The Northeast Blackout struck seven U.S. states and Ontario ten years ago today, prompting mandatory standards to prevent such a cascading power outage from happening again. Then, two years ago, it did. Arizona, California and Mexico’s Baja California took the hit in 2011, but the story was much the same. In both cases, inadequate information and planning and human error left the power grid unstable enough that a single downed power line unleashed an electrical tsunami that swamped neighboring lines and darkened millions of homes and businesses.
Power system experts who study blackouts say that they see a similar pattern in most cascading outages. They cite other recent notables, such as Western Europe in 2006, Brazil in 2009, and twice in India last year. The commonality is evidence to the experts that cascading failures are a dangerous facet of modern power grids that remains all but impossible to predict or prevent. “Large blackouts are likely to recur at regular intervals,” says Ian Dobson, a cascading failures expert and electrical and computer engineering professor at Iowa State University.
Worse still, bigger and more frequent blackouts may be coming. The Northeast Blackout, the worst in U.S. history, shut off 61 800 megawatts (MW) of power consumption. But a 100-year blackout—the largest for which there is a 1 percent chance of occurring every year—would be three times bigger than that event in 2003. According to University of Vermont electrical engineering professor Paul Hines and colleagues at Carnegie Mellon University, who made the calculation with algorithms used in natural disaster planning, such a blackout would interrupt 186 000 MW or roughly one quarter of all electrical service in the continental U.S.
Meanwhile, more frequent blackouts are also likely, a result of the increasing incidence of extreme weather such as thunderstorms, hurricanes, and blizzards predicted by climate models. Weather-related outages are already on the rise according to a report this week from the White House Council of Economic Advisors analyzing U.S. Department of Energy (DOE) stats on outages affecting 50 000 or more power customers. The report identifies more than 80 such weather-related outages per year, on average, from 2008 to 2012 -- more than double the average frequency observed during the previous five years.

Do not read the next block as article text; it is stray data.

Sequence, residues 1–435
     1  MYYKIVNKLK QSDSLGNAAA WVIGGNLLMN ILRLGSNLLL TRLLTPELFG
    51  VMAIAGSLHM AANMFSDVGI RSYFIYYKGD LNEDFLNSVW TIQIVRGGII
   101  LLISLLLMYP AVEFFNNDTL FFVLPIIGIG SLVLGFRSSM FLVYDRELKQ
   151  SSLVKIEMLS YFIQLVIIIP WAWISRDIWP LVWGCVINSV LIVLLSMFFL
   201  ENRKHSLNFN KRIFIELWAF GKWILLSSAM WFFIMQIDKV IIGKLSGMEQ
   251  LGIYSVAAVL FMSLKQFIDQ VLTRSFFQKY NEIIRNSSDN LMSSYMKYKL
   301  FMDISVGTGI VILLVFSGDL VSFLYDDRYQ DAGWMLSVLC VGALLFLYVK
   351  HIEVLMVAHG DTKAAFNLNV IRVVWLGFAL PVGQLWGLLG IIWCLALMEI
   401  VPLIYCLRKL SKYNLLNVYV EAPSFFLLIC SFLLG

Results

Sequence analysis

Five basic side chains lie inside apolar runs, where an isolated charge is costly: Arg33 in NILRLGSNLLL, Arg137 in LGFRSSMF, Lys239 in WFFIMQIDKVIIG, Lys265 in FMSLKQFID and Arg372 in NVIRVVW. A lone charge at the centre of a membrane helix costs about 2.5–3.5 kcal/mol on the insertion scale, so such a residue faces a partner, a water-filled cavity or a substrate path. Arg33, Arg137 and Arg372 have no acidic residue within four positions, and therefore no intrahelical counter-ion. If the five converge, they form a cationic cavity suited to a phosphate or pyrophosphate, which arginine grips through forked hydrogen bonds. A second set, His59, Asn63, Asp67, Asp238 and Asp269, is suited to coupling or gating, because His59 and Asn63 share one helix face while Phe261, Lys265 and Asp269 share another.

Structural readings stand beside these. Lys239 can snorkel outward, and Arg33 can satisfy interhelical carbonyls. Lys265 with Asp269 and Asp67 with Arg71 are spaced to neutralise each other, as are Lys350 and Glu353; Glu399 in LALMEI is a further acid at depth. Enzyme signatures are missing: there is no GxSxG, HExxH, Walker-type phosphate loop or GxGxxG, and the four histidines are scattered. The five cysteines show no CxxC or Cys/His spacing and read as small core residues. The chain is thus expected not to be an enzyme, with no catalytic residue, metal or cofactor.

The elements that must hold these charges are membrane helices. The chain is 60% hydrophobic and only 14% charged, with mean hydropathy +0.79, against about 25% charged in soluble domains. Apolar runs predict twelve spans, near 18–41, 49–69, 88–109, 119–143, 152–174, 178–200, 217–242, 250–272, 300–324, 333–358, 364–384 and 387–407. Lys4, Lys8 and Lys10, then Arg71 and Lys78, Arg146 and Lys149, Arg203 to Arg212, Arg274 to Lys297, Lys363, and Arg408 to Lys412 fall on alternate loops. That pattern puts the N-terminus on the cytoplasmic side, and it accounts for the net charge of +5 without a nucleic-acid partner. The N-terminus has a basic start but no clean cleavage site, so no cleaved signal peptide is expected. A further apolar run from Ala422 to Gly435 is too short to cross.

The White House also cites efforts underway to improve grid reliability and resilience. After the 2003 blackout, Congress mandated that utilities comply with grid maintenance and operating standards set by the North American Electric Reliability Corporation, an industry-funded non-profit. As a result, utilities do things like trim trees under power lines more often. And $4.5 billion in economic stimulus funding allocated for grid upgrades accelerated the deployment of advanced grid technologies, such as sensors called phasor measurement units that give controllers a real-time picture of power flows across the grid.
Jeff Dagle, chief electrical engineer at the DOE’s Pacific Northwest National Laboratory and a member of the task force that investigated the 2003 blackout, points to a speed-up in state-estimation software. Operators rely on such modeling to understand how their grid is behaving and foresee the impact of losing key components, so faster models enable faster evasive actions. “Ten years ago these commonly took 15 minutes. Today many would deem five minutes to be slow,” says Dagle.
The problem, say Dagle and other grid experts, is that power lines and power stations are aging at the same time that increasing levels of renewable power generation are straining the grid. “We’re putting more demands on the system,” says Dagle. In the calculus of improvements, degradation, and increasing demands, he says “it’s really hard to know [whether] we’re more or less reliable today.”
At the same time, it is unclear whether the "smart" upgrades touted by the White House will help or hurt. That’s because tools to quantify the risk of cascading failures are still immature. And until the risk can be accurately measured, grid engineers can’t know precisely how to reduce it.
Dobson says the research is coming now that the power engineering community increasingly recognizes cascading failures as a distinct and recurring problem—a concept that still elicited protests from power engineers in the aftermath of the 2003 blackout. Dobson cites work by the IEEE Power Engineering Society’s Cascading Failures Working Group, of which he and Hines are members.
One novel method he unveiled last year assesses the likelihood of cascading outages by counting the number of subsequent lines that trip off each time a power line goes down on a given grid. Using a database from the Bonneville Power Authority (the only U.S. utility whose line-trip data is publicly-available), Dobson showed he could quantify the likelihood that a line outage would propagate and how far it would go, on average. But the tool remains too weak to identify trends or evaluate specific engineering solutions. “The events are rare so it takes years of data to get a reasonable estimation,” says Dobson.
Until such tools are mature it will be difficult to target funds to those upgrades most likely to reduce blackout risk, say Dobson and others. Even grid upgrades underway could be threatened if their impact on blackout risk is poorly understood. “If newly-introduced technology gets blamed for a future blackout there could be pressure to run it below capacity, or even shut it off entirely. That would be quite a pity if we could have mitigated the failure risk instead,” says Dobson.
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Peter Fairley has been tracking energy technologies and their environmental implications globally for over two decades, charting engineering and policy innovations that could slash dependence on fossil fuels and the political forces fighting them. He has been a Contributing Editor with IEEE Spectrum since 2003.